Infrastructure Demands Will Be Major Challenge: ULI Report
- Apr 29, 2008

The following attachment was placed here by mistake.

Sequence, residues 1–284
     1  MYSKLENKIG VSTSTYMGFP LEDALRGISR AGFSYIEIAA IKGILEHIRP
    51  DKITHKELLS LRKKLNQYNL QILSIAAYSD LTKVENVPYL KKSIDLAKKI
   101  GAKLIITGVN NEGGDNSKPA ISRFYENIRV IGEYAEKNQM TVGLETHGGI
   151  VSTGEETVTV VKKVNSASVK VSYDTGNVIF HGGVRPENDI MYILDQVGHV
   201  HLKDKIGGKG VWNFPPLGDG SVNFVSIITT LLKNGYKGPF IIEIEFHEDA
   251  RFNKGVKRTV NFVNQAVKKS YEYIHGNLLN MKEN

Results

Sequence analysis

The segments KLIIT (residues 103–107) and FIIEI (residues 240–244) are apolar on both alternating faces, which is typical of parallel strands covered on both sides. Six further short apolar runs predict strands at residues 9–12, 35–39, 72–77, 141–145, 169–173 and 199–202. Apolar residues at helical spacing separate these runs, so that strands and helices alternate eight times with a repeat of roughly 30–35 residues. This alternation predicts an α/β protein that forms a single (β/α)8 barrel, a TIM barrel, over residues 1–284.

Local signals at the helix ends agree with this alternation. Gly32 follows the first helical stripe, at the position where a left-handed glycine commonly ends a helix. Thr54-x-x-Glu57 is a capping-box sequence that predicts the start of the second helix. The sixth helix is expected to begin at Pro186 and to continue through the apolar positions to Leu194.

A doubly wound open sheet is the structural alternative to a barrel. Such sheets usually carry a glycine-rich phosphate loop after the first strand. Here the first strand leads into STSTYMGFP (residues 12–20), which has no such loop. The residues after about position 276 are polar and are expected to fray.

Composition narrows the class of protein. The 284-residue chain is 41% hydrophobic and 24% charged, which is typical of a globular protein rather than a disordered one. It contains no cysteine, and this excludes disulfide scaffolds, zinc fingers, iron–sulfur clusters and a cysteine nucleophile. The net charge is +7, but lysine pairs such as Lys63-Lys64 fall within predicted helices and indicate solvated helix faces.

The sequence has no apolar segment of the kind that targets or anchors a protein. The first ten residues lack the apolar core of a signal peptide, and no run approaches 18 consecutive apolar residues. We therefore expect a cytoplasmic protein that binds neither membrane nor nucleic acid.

A report just released by the Urban Land Institute and Ernst & Young concludes that the U.S. will fall behind in the global marketplace if it doesn’t invest in modernizing its infrastructure. The report, Infrastructure 2008: A Competitive Advantage, evaluates the status of existing and planned infrastructure investment not only in the U.S. but in China, Europe, India, Japan and Europe, as well. According to the study, the federal government has been falling asleep on the job, having created what is now a gap in infrastructural funding that is at least $170 billion. Consequences of the inadequate financing are tangible. Vehicle miles traveled jumped 95 percent since 1980, while road capacity rose by a mere 3 percent. ULI and Ernst & Young conclude that the land-use plans that have caused sprawl over the last few decades will, if they continue to be implemented in the future, have a negative impact on urban growth and will hinder productivity, which could greatly reduce the country’s competitive edge at the global level. As it stands now, the U.S. is grouped with Australia, Canada and Russia in the category defined as “coasting on prosperity.” Other stages include “retool and revamp” and “inadequate investment,” as well as the “growth and development” category into which China, India and the U.A.E. presently fall. The report suggests that, in an effort to move forward, the U.S. should rely on public private partnerships to address the lack of financing for the infrastructure that is necessary to accommodate overwhelming population growth, and all plans should be synchronized at the state and regional levels. Other recommendations include the provision of subsidies to facilitate an increase in the construction of housing in infill areas, and the building of transit-oriented developments. Timing, ULI and Ernst and Young note, is crucial, as this year appears to be a turning point in the economic environment, and the approach to land use and infrastructure plans now could place the country in a gainful position or a detrimental one for the next generation.